A year after the first ever World Conference on Indigenous Peoples, Member States were called upon today to give them a greater voice, particularly in the context of achieving the Sustainable Development Agenda, as the Third Committee (Social, Humanitarian and Cultural) began its consideration of their rights.
Several delegations underscored the critical need to include indigenous peoples when implementing the 2030 Agenda’s Sustainable Development Goals. Some speakers, including those representing the Holy See, noted the unique contribution indigenous peoples could make with regard to environmental and disaster response issues.
While many agreed that the World Conference’s outcome document, the Declaration on the Rights of Indigenous Peoples, was a cornerstone for action. Some called for further advances. Nicaragua’s delegate stated that indigenous peoples should be recognized within the United Nations with their own status, and not the same accorded to non-governmental organizations. The representative of South Africa expressed support for the elaboration of a convention on the rights of indigenous peoples that would carry more weight than a declaration.
Expressing a different view, Venezuela’s speaker raised the issue of reparations to indigenous peoples following the colonial era. The delegate from China said indigenous groups should enjoy their fair share of the economic benefits of international investment and free trade.
Presenting the report of the Secretary-General on progress since the World Conference, Lenni Montiel, Assistant Secretary-General for Economic Development, stressed the role that Member States, the United Nations and indigenous peoples themselves had to play in raising awareness of the Conference and the goals it set out. Mr. Montiel encouraged Member States to come forth with proposals for enhancing the participation of representatives and institutions of indigenous peoples.
Also delivering statements were representatives of Ecuador (for the Community of Latin American and Caribbean States), Trinidad and Tobago (for the Caribbean Community), Mexico (also for the Group of Friends of the World Conference on Indigenous Peoples), Sweden, Peru, United States, Philippines, Paraguay, Russian Federation, Brazil, Iran, Japan, Ukraine, New Zealand, Malaysia, Fiji, Bolivia, Guatemala, Argentina, El Salvador and Nepal, as well as the European Union. A representative of the International Labour Organization also spoke.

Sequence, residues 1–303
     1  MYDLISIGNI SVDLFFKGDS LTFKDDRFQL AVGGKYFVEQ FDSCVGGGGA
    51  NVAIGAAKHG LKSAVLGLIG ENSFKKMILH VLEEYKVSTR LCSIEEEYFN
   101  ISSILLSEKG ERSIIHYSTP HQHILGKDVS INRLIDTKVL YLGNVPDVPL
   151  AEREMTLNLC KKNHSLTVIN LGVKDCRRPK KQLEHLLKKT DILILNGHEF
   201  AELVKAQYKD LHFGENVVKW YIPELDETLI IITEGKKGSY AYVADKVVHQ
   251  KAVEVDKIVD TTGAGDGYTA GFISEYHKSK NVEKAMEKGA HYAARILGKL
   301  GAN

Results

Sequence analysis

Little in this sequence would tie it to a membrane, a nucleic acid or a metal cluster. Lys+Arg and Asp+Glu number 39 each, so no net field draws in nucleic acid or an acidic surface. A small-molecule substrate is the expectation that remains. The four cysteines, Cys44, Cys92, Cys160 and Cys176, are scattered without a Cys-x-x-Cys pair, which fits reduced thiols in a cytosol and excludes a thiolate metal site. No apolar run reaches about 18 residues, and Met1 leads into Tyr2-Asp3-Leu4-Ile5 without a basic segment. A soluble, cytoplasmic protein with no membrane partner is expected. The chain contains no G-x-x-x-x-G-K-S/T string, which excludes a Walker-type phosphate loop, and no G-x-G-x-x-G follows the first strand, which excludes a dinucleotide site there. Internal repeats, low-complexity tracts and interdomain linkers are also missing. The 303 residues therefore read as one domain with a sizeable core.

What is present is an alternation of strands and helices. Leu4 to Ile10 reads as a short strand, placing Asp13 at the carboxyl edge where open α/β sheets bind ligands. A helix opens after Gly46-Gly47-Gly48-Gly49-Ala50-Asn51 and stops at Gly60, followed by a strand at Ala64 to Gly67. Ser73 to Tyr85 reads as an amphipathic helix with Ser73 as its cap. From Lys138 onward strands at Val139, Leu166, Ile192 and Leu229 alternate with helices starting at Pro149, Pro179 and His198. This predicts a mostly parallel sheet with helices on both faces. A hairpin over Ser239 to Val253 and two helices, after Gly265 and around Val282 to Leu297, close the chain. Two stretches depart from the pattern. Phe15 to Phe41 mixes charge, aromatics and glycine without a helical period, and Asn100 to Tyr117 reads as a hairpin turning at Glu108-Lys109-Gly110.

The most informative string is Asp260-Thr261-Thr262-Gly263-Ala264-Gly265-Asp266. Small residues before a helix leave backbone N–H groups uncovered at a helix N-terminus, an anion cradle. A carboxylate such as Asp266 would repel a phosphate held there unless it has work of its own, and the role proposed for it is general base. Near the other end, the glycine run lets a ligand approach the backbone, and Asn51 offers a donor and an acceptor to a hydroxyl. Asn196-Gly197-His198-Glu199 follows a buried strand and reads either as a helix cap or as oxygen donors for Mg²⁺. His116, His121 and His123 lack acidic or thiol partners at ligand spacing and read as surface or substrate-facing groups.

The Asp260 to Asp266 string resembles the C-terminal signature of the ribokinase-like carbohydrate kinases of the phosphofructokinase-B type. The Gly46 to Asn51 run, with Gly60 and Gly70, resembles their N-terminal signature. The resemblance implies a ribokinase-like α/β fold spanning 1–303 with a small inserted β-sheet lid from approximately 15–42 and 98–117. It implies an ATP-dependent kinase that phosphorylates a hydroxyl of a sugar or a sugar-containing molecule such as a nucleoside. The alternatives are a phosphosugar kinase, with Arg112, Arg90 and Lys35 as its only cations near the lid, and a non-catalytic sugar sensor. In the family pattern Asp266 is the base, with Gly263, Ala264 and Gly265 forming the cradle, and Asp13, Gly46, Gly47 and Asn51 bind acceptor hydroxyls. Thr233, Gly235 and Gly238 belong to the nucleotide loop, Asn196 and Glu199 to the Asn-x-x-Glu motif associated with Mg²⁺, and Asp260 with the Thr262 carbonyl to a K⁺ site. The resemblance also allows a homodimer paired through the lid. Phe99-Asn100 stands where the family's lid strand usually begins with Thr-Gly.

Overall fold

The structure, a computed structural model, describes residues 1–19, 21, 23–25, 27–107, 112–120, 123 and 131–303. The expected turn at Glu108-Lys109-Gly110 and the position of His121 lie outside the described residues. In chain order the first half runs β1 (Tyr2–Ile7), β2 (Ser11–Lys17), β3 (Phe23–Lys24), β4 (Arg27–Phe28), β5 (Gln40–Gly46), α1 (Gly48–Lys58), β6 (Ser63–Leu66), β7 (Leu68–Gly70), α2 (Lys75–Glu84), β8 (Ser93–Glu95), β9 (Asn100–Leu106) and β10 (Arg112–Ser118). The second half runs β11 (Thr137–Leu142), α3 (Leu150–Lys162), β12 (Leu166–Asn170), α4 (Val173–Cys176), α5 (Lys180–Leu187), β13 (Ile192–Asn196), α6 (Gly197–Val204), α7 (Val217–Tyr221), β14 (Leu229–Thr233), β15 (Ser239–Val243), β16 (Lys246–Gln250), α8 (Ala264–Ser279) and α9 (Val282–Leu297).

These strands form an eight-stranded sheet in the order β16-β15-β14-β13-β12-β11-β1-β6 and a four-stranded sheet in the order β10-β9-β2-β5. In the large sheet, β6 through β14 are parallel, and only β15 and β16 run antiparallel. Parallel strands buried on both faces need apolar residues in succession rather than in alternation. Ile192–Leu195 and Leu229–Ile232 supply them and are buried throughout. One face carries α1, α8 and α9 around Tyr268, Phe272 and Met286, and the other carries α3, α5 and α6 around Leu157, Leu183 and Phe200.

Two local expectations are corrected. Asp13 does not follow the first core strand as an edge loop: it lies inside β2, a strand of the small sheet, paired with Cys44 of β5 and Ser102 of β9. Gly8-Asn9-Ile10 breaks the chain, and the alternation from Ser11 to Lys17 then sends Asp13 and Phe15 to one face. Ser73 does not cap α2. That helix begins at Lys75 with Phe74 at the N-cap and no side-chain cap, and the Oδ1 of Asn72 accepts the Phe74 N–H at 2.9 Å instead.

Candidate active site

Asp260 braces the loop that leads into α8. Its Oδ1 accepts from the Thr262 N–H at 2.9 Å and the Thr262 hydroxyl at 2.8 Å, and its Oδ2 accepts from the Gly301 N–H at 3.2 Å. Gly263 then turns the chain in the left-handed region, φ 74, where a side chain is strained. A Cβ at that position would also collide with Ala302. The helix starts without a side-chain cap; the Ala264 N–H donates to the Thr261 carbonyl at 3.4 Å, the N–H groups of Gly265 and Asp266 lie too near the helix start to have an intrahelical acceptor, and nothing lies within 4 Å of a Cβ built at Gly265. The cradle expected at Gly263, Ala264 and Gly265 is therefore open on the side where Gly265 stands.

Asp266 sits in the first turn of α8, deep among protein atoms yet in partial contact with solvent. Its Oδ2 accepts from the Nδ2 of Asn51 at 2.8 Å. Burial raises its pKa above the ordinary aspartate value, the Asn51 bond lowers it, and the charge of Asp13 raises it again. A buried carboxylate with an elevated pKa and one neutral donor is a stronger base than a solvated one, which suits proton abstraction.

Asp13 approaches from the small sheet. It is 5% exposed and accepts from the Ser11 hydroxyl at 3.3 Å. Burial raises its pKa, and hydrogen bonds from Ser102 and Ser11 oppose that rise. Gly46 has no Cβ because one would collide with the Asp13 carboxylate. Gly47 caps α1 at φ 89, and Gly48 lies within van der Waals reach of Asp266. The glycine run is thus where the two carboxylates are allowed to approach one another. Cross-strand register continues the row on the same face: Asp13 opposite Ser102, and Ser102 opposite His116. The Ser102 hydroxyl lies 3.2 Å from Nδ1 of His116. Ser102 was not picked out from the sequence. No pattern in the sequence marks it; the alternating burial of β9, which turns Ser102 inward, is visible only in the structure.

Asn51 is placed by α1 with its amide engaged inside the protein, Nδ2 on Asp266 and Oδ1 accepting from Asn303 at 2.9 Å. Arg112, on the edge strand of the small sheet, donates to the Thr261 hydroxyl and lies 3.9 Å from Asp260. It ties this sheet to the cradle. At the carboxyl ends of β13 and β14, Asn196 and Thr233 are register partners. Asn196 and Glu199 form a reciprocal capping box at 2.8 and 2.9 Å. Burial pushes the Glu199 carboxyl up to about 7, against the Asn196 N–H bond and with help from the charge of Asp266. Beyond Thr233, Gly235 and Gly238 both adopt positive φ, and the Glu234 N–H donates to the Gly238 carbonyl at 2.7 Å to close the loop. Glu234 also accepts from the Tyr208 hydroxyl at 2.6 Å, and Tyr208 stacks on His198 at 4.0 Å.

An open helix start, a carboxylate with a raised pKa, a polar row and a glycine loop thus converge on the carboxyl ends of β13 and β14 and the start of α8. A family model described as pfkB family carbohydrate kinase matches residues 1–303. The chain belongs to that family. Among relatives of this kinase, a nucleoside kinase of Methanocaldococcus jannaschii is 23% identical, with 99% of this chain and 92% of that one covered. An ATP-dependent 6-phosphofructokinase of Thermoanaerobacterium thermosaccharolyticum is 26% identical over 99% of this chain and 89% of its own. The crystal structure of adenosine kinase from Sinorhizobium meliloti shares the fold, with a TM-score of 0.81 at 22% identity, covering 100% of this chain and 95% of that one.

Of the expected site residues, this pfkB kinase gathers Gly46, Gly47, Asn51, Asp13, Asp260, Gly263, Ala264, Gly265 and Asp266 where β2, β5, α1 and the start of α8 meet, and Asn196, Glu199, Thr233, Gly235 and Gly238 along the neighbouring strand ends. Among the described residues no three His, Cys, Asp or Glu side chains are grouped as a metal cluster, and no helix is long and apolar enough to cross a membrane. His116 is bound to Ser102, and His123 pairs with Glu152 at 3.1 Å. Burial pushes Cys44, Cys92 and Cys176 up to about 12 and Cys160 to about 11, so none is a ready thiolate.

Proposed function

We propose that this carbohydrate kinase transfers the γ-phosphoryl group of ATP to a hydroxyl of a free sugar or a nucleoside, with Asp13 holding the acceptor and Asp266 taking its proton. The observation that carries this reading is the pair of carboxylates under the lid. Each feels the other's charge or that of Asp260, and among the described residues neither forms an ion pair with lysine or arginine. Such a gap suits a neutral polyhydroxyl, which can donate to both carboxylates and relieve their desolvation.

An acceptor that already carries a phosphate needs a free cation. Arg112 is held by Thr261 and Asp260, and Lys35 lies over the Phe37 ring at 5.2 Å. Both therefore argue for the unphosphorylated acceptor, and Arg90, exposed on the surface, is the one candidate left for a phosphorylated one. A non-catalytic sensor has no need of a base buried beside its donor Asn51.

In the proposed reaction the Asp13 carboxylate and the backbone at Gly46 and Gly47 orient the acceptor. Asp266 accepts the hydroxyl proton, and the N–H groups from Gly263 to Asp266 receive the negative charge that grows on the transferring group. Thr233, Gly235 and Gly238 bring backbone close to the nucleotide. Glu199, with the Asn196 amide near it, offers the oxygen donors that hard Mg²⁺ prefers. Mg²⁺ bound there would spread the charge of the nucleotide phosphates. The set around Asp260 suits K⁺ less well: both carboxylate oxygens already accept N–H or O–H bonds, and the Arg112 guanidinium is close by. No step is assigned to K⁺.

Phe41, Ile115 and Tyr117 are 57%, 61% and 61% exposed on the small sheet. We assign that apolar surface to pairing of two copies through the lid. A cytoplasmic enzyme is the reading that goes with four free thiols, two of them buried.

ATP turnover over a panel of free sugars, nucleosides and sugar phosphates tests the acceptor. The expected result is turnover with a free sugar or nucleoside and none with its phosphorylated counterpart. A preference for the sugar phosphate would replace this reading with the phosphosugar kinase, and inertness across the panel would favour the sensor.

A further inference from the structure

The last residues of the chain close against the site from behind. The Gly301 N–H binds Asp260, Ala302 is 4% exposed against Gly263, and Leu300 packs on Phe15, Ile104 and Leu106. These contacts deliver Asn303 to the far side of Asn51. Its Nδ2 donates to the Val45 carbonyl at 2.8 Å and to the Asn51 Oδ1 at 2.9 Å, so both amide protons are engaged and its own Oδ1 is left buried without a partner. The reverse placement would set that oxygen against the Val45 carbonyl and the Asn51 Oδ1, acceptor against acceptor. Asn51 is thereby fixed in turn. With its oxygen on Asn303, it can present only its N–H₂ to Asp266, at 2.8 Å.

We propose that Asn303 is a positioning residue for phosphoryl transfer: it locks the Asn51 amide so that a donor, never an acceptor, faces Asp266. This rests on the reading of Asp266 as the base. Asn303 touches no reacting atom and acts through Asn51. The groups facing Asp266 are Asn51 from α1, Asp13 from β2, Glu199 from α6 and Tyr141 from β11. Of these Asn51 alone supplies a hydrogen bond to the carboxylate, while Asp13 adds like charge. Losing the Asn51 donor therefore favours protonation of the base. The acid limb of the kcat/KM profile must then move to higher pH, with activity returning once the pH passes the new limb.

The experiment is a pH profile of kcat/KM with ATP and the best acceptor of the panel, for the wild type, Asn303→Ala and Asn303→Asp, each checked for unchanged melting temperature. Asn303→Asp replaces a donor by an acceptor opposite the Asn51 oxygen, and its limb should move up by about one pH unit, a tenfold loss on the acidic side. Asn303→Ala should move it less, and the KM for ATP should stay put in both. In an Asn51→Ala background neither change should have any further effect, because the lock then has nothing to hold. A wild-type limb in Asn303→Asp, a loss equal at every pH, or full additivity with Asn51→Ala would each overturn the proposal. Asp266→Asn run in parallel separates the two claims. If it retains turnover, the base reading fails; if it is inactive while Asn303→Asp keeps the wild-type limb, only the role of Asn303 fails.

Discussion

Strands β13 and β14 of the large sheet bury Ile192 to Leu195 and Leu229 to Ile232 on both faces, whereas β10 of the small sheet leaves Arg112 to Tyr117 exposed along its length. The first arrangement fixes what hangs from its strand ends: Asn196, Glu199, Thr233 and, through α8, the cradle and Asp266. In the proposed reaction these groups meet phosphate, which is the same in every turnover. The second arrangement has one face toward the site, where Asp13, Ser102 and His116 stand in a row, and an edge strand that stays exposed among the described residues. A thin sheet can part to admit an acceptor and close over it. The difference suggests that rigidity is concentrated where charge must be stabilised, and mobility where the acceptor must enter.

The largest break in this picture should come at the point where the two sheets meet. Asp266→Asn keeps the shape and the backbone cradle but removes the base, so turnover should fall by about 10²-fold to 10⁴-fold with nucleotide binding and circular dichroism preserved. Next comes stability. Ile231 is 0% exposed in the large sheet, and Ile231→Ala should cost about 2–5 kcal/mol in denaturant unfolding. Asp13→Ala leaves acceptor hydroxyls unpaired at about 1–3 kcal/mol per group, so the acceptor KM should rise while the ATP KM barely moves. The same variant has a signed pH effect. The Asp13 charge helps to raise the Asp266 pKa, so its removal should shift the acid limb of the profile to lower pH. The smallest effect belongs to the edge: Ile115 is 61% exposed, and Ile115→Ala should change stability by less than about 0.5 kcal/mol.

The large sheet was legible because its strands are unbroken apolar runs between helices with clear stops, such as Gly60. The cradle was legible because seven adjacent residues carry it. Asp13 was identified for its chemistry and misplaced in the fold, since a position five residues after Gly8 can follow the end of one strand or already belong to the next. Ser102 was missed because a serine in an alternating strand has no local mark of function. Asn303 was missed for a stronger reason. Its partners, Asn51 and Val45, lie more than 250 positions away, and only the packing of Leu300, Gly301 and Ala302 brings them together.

The Committee will reconvene on Tuesday, 20 October, to continue its discussion on the rights of indigenous peoples.
The Third Committee (Social, Humanitarian and Cultural) met this morning to begin its consideration of its agenda item on the rights of indigenous peoples. Before it was a report of the Secretary-General on the progress made in the implementation of the outcome document of the high-level plenary meeting of the General Assembly known as the World Conference on Indigenous Peoples (document A/70/84-E/2015/76). Also before the Committee was a note by the Secretary General on the rights of indigenous peoples (document A/70/301).
Committee Vice-Chair GREGORY KEITH DEMPSEY (Canada) informed delegates that, due to travel issues, the Special Rapporteur on the rights of indigenous peoples would be unable to present her report today. It would be presented later in the morning by the Assistant Secretary-General for the Department of Economic and Social Affairs. The meeting would therefore begin with the general discussion.
DIEGO ALONSO TITUAÑA MATANGO (Ecuador), speaking on behalf of the Community of Latin American and Caribbean States (CELAC), reaffirmed its commitment to the implementation of the World Conference’s outcome document and the adoption by the Human Rights Council of resolution A/HRC/30/L.9 on the review of the mandate of the Expert Mechanism on the Rights of Indigenous Peoples. Recognizing that indigenous peoples played a significant role in sustainable development, he noted the importance of protecting their traditional agricultural practices, biodiversity, access to resources and water and their traditional systems of land tenure. He then underlined the importance of collective action of indigenous peoples and of the protection of patents on traditional and ancestral knowledge.
The Community supported the empowerment and capacity-building of indigenous women and youth, including their participation in decision-making processes on matters that affected them, in particular in the areas on health, education, employment, protection of their territories and the transmission of traditional knowledge. Measures to promote awareness and understanding of their rights were also important. Finally, while recognizing that it was a duty of States to promote and protect all human rights, he recognized the positive contributions of indigenous peoples.
MELISSA ANN MARIE BOISSIERE (Trinidad and Tobago), speaking on behalf of the Caribbean Community (CARICOM) and aligning with CELAC, said the adoption of the 2030 Agenda was crucial to ensure that issues concerning indigenous peoples were adequately addressed. It was particularly relevant in reducing inequalities, fostering social inclusion and combating violence and discrimination. She noted the good practices cited by the Special Rapporteur with regard to the participation of indigenous people at United Nations meetings on issues affecting them. Meaningful dialogue between Member States and indigenous peoples would be fostered, she said, welcoming the appointment of the Under-Secretary-General for Economic and Social Affairs as the senior United Nations official responsible for the coordination actions to the follow-up of the World Conference.